It’s a process similar to the one that Nathan the prophet brought to David.  Rather than condemn David, Nathan shows him a picture of the truth that David was unable to see before, and David has the seed of truth within him that recognizes the truth when he sees it.  And it draws him toward the loving kindness of God.  One way of interpreting Jesus’ going to the cross is that Jesus death becomes a metaphor for what we were unable to see before.  Jesus externalizes and makes visible in his body what was before unseen.  He becomes a parable.  Our hidden violence and neglect of justice and inattention to what is good are lifted up right in front of our eyes.  Similar to Nathan’s parable it is held up to us like a mirror, revealing the shocking punch line that we are caught up in systems and attitudes and actions that lead to the harm of innocents. 

If we recognize ourselves in that story, and recognize that this is not told as a story of condemnation, but a story of reconciliation, then we are drawn into something that takes us beyond where we were before, beyond the incongruities of not knowing ourselves or God.  We’re drawn to God through Jesus not out of compulsion and force or fear, but out of a recognition that what we are looking at is true.  The cross is true.  It both reveals our own violence, even as it nonviolently welcomes us into a communion based on forgiveness and a renewed Spirit. 

It’s something that Jesus compares to the process of being cracked open, and undergoing death ourselves.  Speaking about himself, but also speaking about the process of coming into this new way of being, Jesus says, “I tell you, unless a grain of wheat falls into the earth and dies, it remains just a single grain; but if it dies, it bears much fruit.”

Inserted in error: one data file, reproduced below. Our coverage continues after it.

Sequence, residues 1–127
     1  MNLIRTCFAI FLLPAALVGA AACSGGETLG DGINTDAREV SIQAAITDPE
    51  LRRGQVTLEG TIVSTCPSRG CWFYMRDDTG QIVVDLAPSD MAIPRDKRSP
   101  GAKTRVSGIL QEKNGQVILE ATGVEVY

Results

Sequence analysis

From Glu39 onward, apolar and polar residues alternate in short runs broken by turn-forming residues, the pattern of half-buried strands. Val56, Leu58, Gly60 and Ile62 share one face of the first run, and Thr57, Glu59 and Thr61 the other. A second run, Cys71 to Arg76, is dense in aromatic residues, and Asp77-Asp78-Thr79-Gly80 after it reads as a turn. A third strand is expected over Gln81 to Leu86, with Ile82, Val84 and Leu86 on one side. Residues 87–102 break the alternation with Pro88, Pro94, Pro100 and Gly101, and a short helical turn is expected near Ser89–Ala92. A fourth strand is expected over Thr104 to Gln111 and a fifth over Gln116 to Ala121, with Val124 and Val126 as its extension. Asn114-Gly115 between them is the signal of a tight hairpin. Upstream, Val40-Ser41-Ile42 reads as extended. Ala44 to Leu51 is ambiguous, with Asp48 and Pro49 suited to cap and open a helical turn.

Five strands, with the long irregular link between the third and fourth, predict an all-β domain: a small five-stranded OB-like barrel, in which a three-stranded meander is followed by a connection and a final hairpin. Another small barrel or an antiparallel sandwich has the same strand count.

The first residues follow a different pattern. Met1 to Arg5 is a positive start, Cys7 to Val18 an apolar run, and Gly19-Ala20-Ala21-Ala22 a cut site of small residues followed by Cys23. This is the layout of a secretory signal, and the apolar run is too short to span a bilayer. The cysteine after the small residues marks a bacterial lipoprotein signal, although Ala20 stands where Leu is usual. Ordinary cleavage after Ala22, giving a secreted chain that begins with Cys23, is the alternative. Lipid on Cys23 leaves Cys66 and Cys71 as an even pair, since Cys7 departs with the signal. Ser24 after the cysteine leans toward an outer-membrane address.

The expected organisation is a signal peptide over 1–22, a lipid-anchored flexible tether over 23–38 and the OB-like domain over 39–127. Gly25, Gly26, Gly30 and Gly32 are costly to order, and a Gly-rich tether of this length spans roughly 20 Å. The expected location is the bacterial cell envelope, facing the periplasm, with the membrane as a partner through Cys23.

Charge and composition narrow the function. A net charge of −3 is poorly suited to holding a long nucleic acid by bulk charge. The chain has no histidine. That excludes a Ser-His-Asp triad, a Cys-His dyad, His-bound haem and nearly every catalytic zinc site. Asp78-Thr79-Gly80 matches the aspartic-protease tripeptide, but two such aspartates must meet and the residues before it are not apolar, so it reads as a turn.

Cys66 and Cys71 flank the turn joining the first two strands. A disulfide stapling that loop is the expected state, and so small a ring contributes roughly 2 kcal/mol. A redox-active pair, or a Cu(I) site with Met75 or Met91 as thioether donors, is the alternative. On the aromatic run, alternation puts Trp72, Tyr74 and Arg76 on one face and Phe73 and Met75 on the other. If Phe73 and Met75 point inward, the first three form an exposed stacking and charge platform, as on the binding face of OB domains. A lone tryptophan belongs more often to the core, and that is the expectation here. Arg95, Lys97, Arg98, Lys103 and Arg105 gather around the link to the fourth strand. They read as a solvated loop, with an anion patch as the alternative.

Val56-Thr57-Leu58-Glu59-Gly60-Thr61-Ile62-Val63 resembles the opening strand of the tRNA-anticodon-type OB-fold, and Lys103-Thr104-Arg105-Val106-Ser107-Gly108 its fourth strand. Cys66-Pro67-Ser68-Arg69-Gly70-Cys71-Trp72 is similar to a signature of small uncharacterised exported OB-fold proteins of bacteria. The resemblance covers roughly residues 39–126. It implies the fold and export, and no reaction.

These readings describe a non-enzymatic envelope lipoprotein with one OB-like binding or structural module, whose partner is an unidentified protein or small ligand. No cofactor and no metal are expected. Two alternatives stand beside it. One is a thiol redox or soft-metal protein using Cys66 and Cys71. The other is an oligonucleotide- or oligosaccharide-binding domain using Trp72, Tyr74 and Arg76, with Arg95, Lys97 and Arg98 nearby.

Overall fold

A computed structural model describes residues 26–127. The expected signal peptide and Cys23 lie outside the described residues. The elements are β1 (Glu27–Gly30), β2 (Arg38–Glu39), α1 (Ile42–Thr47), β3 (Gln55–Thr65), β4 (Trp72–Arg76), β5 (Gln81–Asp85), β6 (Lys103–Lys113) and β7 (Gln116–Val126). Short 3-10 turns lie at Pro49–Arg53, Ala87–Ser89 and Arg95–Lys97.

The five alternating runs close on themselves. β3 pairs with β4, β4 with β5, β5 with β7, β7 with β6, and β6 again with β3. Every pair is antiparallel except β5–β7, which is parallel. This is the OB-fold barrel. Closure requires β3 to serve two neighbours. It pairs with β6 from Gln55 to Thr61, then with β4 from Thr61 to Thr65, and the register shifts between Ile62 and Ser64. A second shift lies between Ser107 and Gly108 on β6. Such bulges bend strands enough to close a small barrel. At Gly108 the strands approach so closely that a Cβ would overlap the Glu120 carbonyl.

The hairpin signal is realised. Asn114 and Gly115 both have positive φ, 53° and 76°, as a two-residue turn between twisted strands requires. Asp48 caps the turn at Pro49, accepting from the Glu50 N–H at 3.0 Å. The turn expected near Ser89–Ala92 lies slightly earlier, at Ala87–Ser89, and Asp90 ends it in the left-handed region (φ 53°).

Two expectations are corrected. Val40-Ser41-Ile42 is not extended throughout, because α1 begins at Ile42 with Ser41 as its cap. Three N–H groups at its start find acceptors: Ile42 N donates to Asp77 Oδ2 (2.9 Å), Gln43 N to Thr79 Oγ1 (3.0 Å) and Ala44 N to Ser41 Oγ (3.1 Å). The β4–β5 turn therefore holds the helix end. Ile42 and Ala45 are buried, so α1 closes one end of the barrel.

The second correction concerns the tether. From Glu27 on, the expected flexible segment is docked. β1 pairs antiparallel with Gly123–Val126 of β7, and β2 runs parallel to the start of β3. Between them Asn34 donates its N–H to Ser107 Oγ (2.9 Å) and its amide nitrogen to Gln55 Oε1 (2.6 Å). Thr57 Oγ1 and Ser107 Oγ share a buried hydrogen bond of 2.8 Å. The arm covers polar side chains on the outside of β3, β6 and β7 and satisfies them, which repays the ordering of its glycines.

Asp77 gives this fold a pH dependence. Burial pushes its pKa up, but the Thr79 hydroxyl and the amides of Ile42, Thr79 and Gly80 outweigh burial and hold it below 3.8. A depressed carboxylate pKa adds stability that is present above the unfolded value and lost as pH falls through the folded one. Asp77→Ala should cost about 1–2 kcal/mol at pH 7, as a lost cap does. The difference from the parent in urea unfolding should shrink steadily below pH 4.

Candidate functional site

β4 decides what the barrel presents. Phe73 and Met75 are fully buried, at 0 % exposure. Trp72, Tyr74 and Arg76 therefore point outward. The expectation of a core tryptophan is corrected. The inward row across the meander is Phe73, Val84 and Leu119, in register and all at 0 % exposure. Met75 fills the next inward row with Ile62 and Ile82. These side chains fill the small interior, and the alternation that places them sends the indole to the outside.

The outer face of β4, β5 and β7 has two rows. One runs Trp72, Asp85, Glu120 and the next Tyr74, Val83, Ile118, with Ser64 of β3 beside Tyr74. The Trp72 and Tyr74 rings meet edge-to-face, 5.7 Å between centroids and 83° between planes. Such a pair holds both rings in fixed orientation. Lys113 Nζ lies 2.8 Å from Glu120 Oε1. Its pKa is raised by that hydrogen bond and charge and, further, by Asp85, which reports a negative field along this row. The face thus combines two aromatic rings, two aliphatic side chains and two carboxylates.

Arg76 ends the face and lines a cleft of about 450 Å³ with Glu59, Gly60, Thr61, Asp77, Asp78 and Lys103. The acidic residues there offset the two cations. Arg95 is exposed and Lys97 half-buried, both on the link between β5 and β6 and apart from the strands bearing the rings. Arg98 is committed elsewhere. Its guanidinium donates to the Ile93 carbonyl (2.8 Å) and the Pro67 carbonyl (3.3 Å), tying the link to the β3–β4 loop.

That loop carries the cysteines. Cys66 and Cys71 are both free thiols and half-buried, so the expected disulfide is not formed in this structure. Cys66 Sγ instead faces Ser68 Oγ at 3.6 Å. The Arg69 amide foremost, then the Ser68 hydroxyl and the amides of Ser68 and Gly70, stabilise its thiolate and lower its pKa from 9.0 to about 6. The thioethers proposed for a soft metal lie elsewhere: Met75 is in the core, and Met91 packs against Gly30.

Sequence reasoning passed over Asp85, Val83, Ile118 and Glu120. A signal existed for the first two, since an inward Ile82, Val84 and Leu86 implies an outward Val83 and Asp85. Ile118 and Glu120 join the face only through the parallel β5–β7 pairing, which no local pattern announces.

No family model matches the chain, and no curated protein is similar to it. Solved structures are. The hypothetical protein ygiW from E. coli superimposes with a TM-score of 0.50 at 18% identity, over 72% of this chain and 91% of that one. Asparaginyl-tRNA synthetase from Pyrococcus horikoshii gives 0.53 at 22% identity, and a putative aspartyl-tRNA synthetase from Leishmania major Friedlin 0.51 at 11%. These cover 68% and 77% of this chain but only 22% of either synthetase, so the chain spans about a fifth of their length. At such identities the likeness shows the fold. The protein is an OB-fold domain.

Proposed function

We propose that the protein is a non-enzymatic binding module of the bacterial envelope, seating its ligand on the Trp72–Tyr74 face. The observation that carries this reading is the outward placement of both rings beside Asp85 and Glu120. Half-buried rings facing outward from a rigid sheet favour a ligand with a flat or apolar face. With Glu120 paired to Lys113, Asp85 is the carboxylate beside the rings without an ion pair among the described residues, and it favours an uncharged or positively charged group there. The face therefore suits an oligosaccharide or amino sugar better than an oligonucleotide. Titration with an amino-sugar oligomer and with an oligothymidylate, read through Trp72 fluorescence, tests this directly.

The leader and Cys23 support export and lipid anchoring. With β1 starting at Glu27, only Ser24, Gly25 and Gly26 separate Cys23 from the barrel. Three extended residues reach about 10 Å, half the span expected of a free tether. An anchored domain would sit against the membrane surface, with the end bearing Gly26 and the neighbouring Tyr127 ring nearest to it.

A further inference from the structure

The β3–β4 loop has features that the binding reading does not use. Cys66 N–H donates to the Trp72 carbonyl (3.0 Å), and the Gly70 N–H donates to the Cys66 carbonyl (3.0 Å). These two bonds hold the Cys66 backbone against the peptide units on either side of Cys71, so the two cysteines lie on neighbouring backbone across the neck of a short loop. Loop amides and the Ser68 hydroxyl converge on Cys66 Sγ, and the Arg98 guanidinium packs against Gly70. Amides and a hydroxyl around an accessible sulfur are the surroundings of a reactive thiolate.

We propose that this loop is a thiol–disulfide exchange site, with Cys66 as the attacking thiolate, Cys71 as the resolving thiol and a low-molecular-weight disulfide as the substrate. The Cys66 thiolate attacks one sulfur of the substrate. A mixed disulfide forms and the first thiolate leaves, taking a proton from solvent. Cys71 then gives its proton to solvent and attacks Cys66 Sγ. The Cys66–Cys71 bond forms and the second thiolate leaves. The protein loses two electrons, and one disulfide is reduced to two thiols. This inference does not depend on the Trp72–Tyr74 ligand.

This is the journey with Jesus to the cross.  Allowing God to crack us open, and discovering, ultimately, not something horrible and ugly, but beneath that, further in, deeper within, something as holy as a seed, that grows and bears much fruit.

I want to close by sharing a reflection that Father John Foley has written on the growth of this seed.  Here is part of what he says:

“A tiny grain ensconces itself within the earth. It tucks itself into complete darkness, but fearlessly, because its tough, safe shell is home. The seed knows it belongs there. In quiet. In growth.
Then calamity.
The shell-shelter turns tight and encroaching and painful. The growing seed finds that its protector is opposing it, holding it back. Crushing it. Only one answer. As if planned from all eternity, the husky shell cracks right open. Wait, I need you, the seed shouts! Moisture trickles in, along with bits of dank, cold soil. Anything and everything can now march right into the heart of what was a quiet, pure place.
The seed goes to pieces. These pieces cope somehow, crazily extending their new, thin arm outward so it can slither through the shell’s cracks. It dares into the rough, cold mud. How foolish and shaming. Stay where safety is, you fool!
The transforming little self takes on an unexpected new life, a new home, but now in the slippery soil. Eking upwards, slowly and cautiously, it makes its way.

Such a journey. Now there are hard clods to press through, and pebbles aplenty. The higher soil gradually dries up and stops yielding to the growth. The top crust of ground forbids any more movement: an ultimate, intractable and stupefying barrier.
Give up, all voices say.
Except one, from within. Push. Push, it whispers. Find a weak spot. Push hard! The young sprout locates just a thinnest fracture in the tough skin. With certainty that might have been scratched directly onto its heart, the vine-to-be discovers it was made for what lay ahead, not for the darkness and blindness behind.
Light! Warmth! Tiny arms squirm out of new stems and they reach out for the sun’s astonishing light. They stretch and yawn in the wafting breezes of Spring.”
http://liturgy.slu.edu/5LentB032909/reflections_foley.html

 The spiritual life can be described as the rentless pursuit of that which is true.  It is the quest to tell the truth about ourselves.  And it is filled with the gift of discovering the truth about God, that welcomes us, even as we are mercifully judged and cracked open to embark on a journey of struggle and growth.